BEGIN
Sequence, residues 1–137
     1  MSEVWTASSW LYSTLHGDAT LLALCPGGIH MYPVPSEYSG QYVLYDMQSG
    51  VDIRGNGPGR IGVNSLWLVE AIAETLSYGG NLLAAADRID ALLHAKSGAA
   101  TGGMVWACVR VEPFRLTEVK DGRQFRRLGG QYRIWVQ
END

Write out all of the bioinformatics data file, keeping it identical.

Sequence, residues 1–137
     1  MSEVWTASSW LYSTLHGDAT LLALCPGGIH MYPVPSEYSG QYVLYDMQSG
    51  VDIRGNGPGR IGVNSLWLVE AIAETLSYGG NLLAAADRID ALLHAKSGAA
   101  TGGMVWACVR VEPFRLTEVK DGRQFRRLGG QYRIWVQ